- The Washington Times - Thursday, May 24, 2007

The Senate’s No. 2 Republican yesterday said he has told President Bush to be prepared to save their party from a bad immigration bill through his veto pen.

The comments from Minority Whip Trent Lott of Mississippi came minutes before the Senate voted to cut in half the guest-worker program in the massive immigration bill, the first blow that strained, but did not break, the bipartisan coalition trying to pass the measure.

Mr. Lott said Mr. Bush needs to get more involved in the debate by drawing lines in the sand that Democrats can’t cross.

“He’s got to be prepared to say to [House Speaker Nancy] Pelosi, ‘If you come up with something that really makes a bad situation worse, I will veto it,’ ” Mr. Lott told reporters yesterday. “That is the ultimate weapon, and it has to be held in abeyance to keep the pressure on us to do this right.”

The former Senate Republican leader said he told Mr. Bush this in a recent conversation, telling the president “it’s important you emphasize that you want immigration reform, but not just any immigration reform.”

But other Republicans laughed at that notion, saying there is no way Mr. Bush would veto a bill that reaches his desk.

“Whatever might be described as ‘comprehensive immigration reform,’ if it is put in front of the president, it will be the equivalent of hanging a pork chop in front of a hungry dog,” said Rep. Steve King, Iowa Republican.

Mr. Lott’s comments underscore the fact that Republican senators have helped start a process over which they have little control once the bill leaves the Senate. House rules give Democrats near total control there, and Democrats also will control any conference committee between the House and Senate.

For now, Republicans are trying to fend off changes they think damage the “grand bargain” reached by Sen. Edward M. Kennedy, Massachusetts Democrat; Sen. Jon Kyl, Arizona Republican; and the Bush administration.

Under the deal, Republicans accepted offering the estimated 12 million to 20 million illegal aliens now in the country legal status and a path to citizenship while Democrats accepted creating the guest-worker program and changing rules for how future immigrants are selected. Both sides said they agreed on the need for better border security and workplace enforcement.

The bargain took its first blow yesterday when the amendment passed cutting the guest-worker program in half from 400,000 per year. The amendment also removed an “adjuster” provision that would have allowed the program’s numbers to expand up to 600,000 per year if the economy needed the workers.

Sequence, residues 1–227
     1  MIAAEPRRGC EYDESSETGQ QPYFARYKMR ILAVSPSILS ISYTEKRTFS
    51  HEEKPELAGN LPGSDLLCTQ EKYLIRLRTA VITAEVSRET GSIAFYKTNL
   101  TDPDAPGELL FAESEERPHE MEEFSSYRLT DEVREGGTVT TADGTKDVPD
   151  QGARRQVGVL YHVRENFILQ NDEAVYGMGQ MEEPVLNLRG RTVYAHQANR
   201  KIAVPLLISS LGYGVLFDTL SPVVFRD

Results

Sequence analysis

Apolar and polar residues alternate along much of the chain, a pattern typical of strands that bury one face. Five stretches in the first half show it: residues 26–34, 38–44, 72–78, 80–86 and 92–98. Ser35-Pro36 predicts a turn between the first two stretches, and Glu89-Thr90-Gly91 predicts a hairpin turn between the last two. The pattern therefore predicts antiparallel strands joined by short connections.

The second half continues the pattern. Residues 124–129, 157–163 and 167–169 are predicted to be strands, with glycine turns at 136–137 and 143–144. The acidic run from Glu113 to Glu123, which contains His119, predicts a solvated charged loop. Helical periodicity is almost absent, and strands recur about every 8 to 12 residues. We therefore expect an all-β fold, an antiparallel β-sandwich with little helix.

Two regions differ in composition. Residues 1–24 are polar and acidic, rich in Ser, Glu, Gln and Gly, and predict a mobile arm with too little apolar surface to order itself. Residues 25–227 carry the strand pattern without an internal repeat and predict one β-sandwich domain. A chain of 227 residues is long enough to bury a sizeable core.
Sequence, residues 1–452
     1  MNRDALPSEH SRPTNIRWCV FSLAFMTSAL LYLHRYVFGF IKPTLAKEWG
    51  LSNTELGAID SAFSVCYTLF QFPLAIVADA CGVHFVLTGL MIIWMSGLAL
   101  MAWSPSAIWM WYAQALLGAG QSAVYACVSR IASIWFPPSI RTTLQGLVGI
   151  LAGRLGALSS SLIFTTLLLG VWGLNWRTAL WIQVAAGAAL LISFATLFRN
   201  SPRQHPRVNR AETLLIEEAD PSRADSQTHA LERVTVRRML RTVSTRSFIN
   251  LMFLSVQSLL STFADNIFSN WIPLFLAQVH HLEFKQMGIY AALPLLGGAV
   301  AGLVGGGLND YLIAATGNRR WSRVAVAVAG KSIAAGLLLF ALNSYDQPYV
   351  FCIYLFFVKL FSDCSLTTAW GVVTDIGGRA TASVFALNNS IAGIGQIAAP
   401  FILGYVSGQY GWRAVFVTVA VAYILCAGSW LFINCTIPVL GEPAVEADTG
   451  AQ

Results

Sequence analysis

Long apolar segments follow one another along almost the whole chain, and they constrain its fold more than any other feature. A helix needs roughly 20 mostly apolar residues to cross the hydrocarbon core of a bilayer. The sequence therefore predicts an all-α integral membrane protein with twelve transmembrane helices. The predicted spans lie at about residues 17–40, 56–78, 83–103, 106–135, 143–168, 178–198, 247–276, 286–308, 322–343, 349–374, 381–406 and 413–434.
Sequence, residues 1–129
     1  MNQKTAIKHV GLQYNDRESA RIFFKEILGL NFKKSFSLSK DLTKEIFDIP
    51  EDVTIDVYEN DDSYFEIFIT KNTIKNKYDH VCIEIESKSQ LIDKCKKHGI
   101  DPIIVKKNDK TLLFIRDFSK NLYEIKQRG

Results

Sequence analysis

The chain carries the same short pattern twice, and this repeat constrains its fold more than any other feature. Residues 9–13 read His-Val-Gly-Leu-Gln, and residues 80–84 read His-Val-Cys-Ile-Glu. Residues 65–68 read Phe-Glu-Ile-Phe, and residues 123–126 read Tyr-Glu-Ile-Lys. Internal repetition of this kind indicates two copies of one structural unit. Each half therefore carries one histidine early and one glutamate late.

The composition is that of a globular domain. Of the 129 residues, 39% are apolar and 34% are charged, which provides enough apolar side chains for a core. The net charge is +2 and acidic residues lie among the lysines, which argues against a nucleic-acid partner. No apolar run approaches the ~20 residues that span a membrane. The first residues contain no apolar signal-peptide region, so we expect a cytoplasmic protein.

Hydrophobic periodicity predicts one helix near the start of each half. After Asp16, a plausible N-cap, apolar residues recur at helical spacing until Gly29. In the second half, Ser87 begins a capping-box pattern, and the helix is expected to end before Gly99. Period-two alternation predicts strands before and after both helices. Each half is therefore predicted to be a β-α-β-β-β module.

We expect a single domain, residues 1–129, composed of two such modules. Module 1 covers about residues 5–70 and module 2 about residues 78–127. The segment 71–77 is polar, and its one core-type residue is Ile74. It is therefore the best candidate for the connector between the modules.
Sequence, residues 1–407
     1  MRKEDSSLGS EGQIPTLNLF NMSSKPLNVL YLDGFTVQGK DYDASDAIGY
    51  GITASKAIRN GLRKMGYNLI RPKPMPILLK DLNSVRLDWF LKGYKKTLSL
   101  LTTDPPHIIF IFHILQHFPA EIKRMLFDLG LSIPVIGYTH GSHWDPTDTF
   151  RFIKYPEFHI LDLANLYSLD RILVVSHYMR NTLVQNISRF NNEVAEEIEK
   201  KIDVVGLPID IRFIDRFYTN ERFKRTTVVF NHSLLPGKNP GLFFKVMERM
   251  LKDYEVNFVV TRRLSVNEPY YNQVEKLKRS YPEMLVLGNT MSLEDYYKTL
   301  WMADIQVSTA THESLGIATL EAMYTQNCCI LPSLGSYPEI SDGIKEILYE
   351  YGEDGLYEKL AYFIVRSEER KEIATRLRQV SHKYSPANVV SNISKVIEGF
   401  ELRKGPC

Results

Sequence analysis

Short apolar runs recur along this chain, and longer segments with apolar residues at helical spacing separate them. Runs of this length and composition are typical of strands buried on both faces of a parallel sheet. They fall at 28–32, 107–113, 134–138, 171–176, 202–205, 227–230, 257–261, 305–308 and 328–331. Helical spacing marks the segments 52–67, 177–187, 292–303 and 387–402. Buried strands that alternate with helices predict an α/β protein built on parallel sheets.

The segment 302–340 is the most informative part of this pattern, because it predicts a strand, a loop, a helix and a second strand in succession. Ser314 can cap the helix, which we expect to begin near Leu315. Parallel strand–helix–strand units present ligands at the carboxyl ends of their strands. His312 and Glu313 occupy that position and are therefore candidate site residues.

The amendment passed 74-24, with 46 Democrats, 27 Republicans and one independent voting for it, while 21 Republicans, two Democrats and one independent opposed it.

“It does not destroy the bill — it does allow for a guest-worker program, but a more prudent one,” said Sen. Jeff Bingaman, New Mexico Democrat and the amendment’s sponsor.

Mr. Kyl, whose support is a linchpin on the grand bargain, said it was a damaging but not lethal blow. Still, he said he intends to offer an amendment to return the upward-adjustment provision and said for him, the grand bargain will collapse “if we’re not able to get an adjuster back in.”

Under the bill, guest workers could come for up to three three-year cycles, during which they could work for two years then return home for a year.

Mr. Kennedy, who voted against the amendment in order to defend the grand bargain, said the 400,000 number came from studies about business’ need for workers, and was meant to approximate the number of illegal aliens now taking jobs. He said 400,000 may even have been too low to start.

The Bush administration tried but failed to stop the amendment, with Commerce Secretary Carlos Gutierrez saying it strikes at “a central component of the bipartisan agreement.” He said it would repeat the mistakes of the 1986 amnesty, which did not allow for an orderly flow of future workers.

Also yesterday, the administration released an official statement strongly endorsing the overall bill.

“The administration looks forward to a serious, civil, and conclusive debate that results in a comprehensive solution to our nation’s immigration challenges,” the White House said in the statement.

On Tuesday, the Senate rejected an attempt to strip out the entire guest-worker program. But several senators have said they might offer another amendment reducing the number of guest workers to 100,000.

There are several other deal-breakers for Republicans on the horizon as well — including amendments to restore the current immigration system and revamp the bill’s new point system, which rewards those with needed skills or higher educational attainment.

Several Democratic presidential hopefuls are pressing the case for redrawing the rules on families to allow in more-distant relatives and higher numbers.

Meanwhile, Republicans are pressing amendments that could cause Democrats to abandon the deal — including stricter border security and removing judicial review for those whose visas are revoked after they arrive in the U.S.

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